A Huddleston man was sentenced to two years in prison April 23 for the theft of about 300 cattle from a Bedford County farmer.

Brian William Bays, 35, pleaded guilty in December to grand larceny of the cattle he was contracted to help raise. At the time, attorneys involved in the case said the amount Bays would owe farmer Troy Rice for his cattle still was disputed.

Lawyers continued that argument April 23.

At Bays’ sentencing hearing in Bedford Circuit Court, Rice asked for more than $400,000 in restitution from Bays, considering his out-of-pocket expenses for the lost cattle, lost profits and the costs of raising those lost cattle. He said the theft made a “significant economic impact” on his business, but it managed to stay afloat.

“I don’t know many businesses, let alone farming [businesses] … that could survive that,” he said. “It has been very, very rough.”

Rice, 55, also owns a commercial janitorial firm.

Before going to law enforcement about the missing cattle, Rice said he tried to talk to Bays’ father and cattle market managers to request reimbursement or have the cattle returned.

He said it’s “kind of a shame” that Bays is bearing the brunt of the theft, since he believes Bays had help in selling many truckloads of his cattle.

Rice said he’s concerned about the message it would send if such a farming-related crime went under-punished.

“Everything that we [farmers] do is based on people’s words … and your reputation,” he said.

Mark Arthur, the defense attorney representing Bays, questioned Rice extensively about the number of cattle his client stole and the amount Rice believes Bays owe him. He pointed out Rice had come up with other numbers when calculating what he lost and established there’s a “spread of values” for the different heads of cattle depending on a number of factors.

At several junctures, Bedford Circuit Court Judge James Updike likened the procedure to a divorce hearing, emphasizing he needed to have a clear picture of the restitution demands. He ultimately ordered partial restitution of $162,650 — in between what the defense and prosecution felt appropriate — to be paid by installments of at least $500 per month after Bays’ incarceration ends.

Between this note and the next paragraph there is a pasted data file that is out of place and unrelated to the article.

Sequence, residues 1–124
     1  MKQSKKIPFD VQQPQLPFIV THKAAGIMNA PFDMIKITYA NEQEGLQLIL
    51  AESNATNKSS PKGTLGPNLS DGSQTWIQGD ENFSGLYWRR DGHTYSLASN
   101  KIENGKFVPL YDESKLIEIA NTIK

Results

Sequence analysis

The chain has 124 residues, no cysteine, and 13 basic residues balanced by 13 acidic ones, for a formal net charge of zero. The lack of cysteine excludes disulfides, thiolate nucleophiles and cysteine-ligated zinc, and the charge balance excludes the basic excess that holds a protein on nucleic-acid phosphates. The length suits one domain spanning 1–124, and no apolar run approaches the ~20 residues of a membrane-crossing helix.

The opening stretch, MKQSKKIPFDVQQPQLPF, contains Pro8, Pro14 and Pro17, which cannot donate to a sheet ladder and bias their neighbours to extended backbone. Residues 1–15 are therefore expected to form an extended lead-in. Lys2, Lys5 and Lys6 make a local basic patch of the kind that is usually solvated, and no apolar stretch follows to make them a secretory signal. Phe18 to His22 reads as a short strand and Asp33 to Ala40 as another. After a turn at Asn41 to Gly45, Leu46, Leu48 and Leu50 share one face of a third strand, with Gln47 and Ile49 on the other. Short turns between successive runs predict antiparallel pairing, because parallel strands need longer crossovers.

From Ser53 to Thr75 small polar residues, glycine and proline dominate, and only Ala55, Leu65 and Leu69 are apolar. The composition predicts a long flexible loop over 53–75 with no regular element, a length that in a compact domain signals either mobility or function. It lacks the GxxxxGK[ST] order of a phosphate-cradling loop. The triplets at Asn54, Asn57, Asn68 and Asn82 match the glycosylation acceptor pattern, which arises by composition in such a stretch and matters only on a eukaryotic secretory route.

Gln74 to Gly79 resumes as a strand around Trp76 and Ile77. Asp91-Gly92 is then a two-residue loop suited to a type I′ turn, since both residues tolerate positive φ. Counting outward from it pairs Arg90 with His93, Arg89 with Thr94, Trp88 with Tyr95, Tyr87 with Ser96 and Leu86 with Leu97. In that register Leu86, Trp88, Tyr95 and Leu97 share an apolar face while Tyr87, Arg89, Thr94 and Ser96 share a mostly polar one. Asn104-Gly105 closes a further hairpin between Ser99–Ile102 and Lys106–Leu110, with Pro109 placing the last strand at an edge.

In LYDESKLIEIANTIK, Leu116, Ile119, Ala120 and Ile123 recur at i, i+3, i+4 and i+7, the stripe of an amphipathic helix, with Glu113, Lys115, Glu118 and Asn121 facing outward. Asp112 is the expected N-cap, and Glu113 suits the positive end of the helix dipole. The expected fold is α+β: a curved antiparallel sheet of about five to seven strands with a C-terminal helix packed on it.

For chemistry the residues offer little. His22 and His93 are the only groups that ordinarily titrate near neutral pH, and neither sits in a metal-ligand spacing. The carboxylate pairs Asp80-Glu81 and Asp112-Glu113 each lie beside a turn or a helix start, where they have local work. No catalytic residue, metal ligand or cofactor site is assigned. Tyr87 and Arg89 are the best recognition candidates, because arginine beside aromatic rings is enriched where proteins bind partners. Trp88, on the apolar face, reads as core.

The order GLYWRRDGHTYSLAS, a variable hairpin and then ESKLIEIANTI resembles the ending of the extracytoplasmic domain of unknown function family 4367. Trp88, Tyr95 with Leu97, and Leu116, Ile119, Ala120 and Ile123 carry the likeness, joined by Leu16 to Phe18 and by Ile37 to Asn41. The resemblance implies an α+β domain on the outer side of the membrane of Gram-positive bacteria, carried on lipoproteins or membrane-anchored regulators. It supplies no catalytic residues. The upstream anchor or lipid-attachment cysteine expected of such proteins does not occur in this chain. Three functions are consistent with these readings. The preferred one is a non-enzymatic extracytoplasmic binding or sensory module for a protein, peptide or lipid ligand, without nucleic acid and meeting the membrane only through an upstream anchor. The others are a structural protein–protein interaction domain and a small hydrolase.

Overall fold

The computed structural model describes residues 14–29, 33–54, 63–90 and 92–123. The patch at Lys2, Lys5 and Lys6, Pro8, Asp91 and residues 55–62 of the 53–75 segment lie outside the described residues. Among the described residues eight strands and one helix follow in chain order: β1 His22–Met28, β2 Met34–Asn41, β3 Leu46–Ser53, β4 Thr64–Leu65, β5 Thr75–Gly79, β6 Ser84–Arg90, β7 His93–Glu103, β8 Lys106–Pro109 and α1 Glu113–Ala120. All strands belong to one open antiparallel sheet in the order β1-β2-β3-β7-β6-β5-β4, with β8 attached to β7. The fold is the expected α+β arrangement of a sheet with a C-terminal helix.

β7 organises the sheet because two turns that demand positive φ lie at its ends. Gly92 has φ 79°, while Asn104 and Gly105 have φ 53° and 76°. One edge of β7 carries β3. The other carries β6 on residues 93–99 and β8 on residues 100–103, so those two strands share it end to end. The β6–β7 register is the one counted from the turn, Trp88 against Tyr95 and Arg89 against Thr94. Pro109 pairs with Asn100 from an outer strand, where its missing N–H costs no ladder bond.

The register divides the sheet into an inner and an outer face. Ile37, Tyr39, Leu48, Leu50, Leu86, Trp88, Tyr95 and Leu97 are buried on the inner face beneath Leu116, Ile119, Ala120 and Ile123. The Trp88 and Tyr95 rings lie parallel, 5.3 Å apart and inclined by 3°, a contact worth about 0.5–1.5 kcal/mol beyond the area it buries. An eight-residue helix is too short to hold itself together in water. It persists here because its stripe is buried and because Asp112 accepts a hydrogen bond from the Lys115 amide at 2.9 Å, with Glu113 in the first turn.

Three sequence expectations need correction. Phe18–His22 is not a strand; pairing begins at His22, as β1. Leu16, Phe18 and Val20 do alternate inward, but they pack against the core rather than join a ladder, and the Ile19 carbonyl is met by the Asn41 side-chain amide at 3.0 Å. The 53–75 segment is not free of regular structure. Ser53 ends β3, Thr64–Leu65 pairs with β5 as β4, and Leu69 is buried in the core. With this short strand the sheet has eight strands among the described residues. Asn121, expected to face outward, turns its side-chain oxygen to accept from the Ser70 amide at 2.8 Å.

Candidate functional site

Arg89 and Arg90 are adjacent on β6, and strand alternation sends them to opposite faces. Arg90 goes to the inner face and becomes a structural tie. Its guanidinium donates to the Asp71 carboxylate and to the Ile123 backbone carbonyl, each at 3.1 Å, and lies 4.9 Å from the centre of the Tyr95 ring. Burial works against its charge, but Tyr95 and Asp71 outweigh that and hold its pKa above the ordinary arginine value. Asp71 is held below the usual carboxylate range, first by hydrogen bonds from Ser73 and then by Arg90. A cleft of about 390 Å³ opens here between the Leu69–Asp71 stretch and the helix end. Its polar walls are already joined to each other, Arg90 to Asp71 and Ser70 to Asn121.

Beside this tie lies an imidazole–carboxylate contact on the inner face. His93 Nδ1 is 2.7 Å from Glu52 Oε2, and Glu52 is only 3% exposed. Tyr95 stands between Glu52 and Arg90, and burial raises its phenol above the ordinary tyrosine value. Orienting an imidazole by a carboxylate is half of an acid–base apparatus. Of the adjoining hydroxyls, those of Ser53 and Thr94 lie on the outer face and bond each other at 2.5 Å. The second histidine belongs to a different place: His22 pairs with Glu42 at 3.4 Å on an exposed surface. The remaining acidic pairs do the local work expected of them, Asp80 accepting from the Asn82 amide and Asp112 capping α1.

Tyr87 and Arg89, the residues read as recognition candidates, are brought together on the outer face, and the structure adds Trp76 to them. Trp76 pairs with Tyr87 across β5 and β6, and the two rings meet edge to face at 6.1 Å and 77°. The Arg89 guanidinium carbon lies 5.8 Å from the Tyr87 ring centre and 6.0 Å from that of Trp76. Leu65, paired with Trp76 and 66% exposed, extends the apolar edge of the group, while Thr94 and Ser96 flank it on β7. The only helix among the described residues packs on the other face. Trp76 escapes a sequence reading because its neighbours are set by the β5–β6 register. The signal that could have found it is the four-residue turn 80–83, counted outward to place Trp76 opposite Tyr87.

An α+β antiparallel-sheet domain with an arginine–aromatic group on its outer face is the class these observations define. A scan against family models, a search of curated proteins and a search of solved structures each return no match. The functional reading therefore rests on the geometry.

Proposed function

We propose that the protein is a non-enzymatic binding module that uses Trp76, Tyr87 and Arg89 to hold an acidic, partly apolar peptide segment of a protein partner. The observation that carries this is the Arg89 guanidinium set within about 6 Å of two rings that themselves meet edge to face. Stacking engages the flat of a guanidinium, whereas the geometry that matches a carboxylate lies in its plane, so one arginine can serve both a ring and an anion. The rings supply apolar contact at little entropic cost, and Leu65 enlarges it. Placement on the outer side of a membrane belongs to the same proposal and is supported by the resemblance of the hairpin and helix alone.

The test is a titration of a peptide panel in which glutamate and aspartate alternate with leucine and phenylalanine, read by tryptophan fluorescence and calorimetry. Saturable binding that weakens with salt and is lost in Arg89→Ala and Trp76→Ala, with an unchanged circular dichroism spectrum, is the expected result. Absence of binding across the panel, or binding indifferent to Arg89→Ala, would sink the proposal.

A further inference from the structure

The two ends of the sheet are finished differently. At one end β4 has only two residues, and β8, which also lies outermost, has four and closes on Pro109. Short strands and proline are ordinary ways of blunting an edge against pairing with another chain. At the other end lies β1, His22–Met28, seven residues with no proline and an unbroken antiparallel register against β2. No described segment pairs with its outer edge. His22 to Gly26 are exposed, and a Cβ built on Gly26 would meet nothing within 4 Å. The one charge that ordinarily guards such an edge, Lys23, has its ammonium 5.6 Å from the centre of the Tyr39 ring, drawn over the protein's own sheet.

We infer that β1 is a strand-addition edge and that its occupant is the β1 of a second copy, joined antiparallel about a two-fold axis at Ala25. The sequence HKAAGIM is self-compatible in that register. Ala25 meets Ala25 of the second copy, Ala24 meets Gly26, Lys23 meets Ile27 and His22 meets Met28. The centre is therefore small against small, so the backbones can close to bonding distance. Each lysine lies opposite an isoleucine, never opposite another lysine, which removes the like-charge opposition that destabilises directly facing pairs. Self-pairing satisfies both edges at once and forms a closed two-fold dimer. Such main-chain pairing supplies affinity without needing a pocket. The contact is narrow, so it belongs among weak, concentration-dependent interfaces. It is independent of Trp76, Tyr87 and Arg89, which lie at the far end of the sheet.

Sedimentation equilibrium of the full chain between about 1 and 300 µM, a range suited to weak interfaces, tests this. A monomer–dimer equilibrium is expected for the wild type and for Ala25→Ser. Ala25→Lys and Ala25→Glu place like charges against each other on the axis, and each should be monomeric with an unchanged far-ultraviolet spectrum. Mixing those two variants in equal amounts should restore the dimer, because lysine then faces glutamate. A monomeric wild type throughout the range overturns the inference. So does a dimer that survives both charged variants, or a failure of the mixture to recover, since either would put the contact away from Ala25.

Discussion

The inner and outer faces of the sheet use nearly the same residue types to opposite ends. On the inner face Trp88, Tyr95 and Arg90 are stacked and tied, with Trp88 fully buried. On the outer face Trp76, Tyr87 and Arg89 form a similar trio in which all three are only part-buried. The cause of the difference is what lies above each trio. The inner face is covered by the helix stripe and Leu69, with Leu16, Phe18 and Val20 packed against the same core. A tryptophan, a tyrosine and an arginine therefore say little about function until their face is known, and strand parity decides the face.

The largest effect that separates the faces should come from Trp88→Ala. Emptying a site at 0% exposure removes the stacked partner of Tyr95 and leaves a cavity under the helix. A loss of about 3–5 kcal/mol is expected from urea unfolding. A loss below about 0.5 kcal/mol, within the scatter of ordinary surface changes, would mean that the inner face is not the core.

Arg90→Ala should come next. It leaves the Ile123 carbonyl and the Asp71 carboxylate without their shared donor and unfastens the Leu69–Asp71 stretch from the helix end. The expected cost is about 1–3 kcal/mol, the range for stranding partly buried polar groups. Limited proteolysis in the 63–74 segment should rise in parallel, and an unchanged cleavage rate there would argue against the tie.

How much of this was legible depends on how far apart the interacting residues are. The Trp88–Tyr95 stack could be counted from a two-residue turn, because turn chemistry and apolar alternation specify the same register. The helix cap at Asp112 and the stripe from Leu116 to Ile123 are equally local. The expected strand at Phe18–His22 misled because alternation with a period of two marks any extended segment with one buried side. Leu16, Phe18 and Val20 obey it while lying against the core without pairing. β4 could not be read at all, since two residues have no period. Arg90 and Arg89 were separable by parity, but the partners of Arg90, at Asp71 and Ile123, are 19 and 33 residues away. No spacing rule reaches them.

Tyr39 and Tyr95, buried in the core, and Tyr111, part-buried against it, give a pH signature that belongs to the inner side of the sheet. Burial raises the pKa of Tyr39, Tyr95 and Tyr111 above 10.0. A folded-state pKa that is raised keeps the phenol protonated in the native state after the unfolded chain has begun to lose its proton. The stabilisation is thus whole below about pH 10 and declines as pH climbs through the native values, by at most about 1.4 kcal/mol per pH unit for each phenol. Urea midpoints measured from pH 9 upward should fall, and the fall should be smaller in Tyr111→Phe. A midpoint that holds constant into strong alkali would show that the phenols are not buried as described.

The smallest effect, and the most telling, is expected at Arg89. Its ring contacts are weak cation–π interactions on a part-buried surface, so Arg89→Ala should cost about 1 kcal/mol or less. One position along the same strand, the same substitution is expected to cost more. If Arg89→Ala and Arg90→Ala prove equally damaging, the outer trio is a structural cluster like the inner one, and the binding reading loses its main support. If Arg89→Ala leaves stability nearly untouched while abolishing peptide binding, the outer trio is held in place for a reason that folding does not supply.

Arthur pointed out criminal restitution in a case like this is “direct loss” from the larceny. Any other expenses and financial consequences from the larceny will need to be sorted out in a civil case.

Commonwealth’s Attorney Wes Nance said his office might have been able to press more than one charge against Bays if he could narrow down specific instances when the thefts occurred — otherwise Bays’ actions would fall under what’s known as single larceny doctrine, where one act of stealing multiple items constitutes a single charge of larceny. After the hearing, he said the amount of money involved in the case likely ranked in the top 10 for larcenies in Bedford County.

He asked for Bays to be sentenced to five years in prison suspended after a year and a half of active time, above sentencing guidelines that suggested anywhere from one day to six months in jail based on Bays’ history and the crime.

Updike went well above that, sentencing Bays to 10 years in prison suspended after two years of active time. He said Bays could have been charged with one count of larceny for every head he sold without permission.

Updike said some people might consider theft on a similar scale if restitution was the only punishment and think, “you know what, it’s almost worth it.” At one point during the April 23 proceedings, he said he prosecuted a cattle-rustling case when he was Bedford County commonwealth’s attorney in which restitution ordered wasn’t paid.

Rice said from the witness stand that he hired Bays in December 2016 to raise his cattle at Bays’ barn. Bays would bid for the cattle, Rice would pay for them and Bays would raise them to gain weight for slaughter — but Rice said Bays didn’t have his permission to sell them.

As part of his payment to Bays, Rice said he’d purchase some cattle for Bays as well. At one point, he helped weigh and send off 116 head of cattle out of 501 he bought, Rice said.

In the fall of 2017, Rice said he learned more than 100 of his cattle had been sold off under the name of Bays’ romantic partner, and said he never saw the proceeds from the sales.

Arthur characterized Bays’ theft as an inappropriate response to a business relationship that had started falling apart.

He said Bays has been trying to earn money to pay Rice back and presented a bag of what he said was $40,000 toward restitution costs in court. Thirteen pieces of equipment prosecutors say Bays bought with the money he made off the cattle were seized in February as civil asset forfeiture.

Once released, Bays will be on supervised probation for five years. He has until May 9 to report to jail for his sentence.